Mon, Mar 22, 2010
New Straits Times
Flowers losing scent due to climate change

KUALA LUMPUR: A rose may stop smelling like a rose.

This is the concern of environmentalists as flowers are losing their scent due to climate change and air pollution. And their fragrance may be lost forever.

Science and Technology Professor Emeritus at Universiti Kebangsaan Malaysia, Dr Abdul Latif Mohamad, said genetically modified flowers might be the way out.

Climate change is also the reason Kuala Lumpur City Hall is increasingly turning to shady trees, because flowers which previously formed the centrepiece of its beautification programme have been wilting fast.

Datuk Bandar Datuk Ahmad Fuad Ismail said City Hall used to spend RM1.5 million ($635,100) a month to plant and maintain flowers in the city, but the contractor's services were terminated in March last year.

City Hall has taken over the planting, opting for bou-gainvillea and the tropical shrubs, Ixora, for their durability and cheaper cost.

Under the previous arrangement, some of the small flowers cost RM3.50 per seedling.

"It was getting too costly to beautify the city. Flowers were dying fast," he said, adding that City Hall would continue to plant shady trees more suited for soaking up the increasing pollution and coping with global warming.

Latif said UKM might have offered plausible reasons as to why some pollinators were not spreading flower seeds, a pattern caused by the missing "scent trail" with scent tissues burning easily due to global warming.

"The aroma producing chemical compounds in flowers dry up faster now compared with before."

The only way out, he said, was to genetically modify the flowers so that the effects would not be permanent and the future generation would not be robbed of nature's beauty.

"The act is almost like producing essential oils. Scientists add on certain chemicals for stronger scent."

He said scents in flowers last longer in colder climate as plants can hold on to their essential oils longer.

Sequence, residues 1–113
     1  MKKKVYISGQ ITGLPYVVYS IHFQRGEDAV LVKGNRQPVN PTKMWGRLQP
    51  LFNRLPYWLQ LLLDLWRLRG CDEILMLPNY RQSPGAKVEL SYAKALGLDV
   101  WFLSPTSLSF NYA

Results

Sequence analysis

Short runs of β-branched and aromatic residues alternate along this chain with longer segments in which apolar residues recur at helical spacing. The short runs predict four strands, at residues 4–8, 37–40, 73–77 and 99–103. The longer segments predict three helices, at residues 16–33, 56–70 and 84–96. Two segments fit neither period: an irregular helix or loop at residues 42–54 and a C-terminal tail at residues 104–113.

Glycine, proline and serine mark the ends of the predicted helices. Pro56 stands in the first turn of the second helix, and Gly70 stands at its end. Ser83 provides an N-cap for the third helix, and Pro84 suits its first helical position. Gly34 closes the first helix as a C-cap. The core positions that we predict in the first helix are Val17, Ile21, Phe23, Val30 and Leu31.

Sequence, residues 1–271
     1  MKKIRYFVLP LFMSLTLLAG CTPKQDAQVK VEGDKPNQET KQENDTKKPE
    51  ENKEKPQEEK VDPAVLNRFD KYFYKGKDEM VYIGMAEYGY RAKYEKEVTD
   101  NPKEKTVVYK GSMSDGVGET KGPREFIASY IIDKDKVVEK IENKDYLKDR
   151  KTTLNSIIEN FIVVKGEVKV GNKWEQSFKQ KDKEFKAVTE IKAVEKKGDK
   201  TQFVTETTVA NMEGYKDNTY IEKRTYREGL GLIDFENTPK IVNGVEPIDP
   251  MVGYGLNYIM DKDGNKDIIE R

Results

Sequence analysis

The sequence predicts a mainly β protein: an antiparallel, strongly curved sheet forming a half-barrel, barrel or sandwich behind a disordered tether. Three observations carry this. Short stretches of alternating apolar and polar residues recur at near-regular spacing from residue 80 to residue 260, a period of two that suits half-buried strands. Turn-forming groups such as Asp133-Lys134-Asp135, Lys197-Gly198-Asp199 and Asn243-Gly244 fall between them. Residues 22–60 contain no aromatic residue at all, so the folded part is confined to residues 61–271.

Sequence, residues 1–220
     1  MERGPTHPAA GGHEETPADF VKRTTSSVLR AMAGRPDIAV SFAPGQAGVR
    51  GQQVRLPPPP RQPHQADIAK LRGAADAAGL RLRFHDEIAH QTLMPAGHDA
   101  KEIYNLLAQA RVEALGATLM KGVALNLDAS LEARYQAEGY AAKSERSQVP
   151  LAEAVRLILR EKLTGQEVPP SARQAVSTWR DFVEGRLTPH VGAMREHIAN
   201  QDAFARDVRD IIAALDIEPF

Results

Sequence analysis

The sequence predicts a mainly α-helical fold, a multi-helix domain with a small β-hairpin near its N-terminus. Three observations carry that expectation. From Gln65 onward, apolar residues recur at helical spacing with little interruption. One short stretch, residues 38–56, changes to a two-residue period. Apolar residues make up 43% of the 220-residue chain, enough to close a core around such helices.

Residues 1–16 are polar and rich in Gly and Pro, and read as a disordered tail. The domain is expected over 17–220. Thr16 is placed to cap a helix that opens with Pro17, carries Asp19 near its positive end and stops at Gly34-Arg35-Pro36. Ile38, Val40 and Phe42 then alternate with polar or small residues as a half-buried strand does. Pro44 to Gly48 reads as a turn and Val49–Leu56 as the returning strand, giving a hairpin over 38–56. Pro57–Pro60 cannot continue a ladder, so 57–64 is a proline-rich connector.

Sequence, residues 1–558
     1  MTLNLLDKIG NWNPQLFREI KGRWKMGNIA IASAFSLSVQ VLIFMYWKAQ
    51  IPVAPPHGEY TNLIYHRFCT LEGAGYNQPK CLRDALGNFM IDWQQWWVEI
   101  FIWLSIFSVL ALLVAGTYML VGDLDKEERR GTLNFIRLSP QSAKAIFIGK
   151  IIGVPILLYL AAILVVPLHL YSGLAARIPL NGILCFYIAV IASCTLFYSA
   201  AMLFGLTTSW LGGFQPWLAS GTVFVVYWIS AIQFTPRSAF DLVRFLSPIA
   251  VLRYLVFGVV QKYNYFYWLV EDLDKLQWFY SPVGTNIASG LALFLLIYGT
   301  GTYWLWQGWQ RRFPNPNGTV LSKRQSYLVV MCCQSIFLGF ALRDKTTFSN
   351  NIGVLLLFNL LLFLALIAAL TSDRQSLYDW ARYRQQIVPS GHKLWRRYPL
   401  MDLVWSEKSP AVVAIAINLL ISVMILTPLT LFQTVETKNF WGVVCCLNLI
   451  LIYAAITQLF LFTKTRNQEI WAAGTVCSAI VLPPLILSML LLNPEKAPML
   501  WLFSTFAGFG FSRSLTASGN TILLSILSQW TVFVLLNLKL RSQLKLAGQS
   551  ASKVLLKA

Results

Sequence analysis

"The flowers may still have strong scents in colder climate. But locally, we fear this might be lost forever."

With flowers emitting lesser scent, the insects and butterflies are travelling further and longer to get a share of nectar.

Latif said birds and insects were heading towards hilly areas and deeper into the jungles where the weather is cooler.

He related an incident in Sungai Siput, Perak, where the farmers failed to get fruits from their orchards.

Upon investigation, Latif's team discovered that the flowers were no longer pollinating after dust from a hill blast blocked the growth of stigmas.

He said Malaysians could no longer rely on nature to heal itself without the help of science.

He said Malaysia needed to follow in the footsteps of Japan, Europe, the United States, China and South Korea which have invested millions in the research of genetically modified seeds.

Forest Research Institute Malaysia (FRIM) director-general Datuk Dr Abdul Latif Mahmod said recently the extreme weather change might affect the life span of trees as a result of lighter or heavier rain.

"We should look at how trees can be mutated so that they will not be destroyed."

He said experts, including from FRIM, should look at ways to prolong the lifespan of certain plants.

Meanwhile, Natural Resources and Environment Deputy Minister Tan Sri Joseph Kurup said given the extreme climate changes, every country should work together and not in isolation.

He said the decline in global biodiversity and ecosystem services urgently called for proactive measures.

"Both policy-makers and researchers need to work hand in hand to strengthen forest genetics, breeding and conservation."

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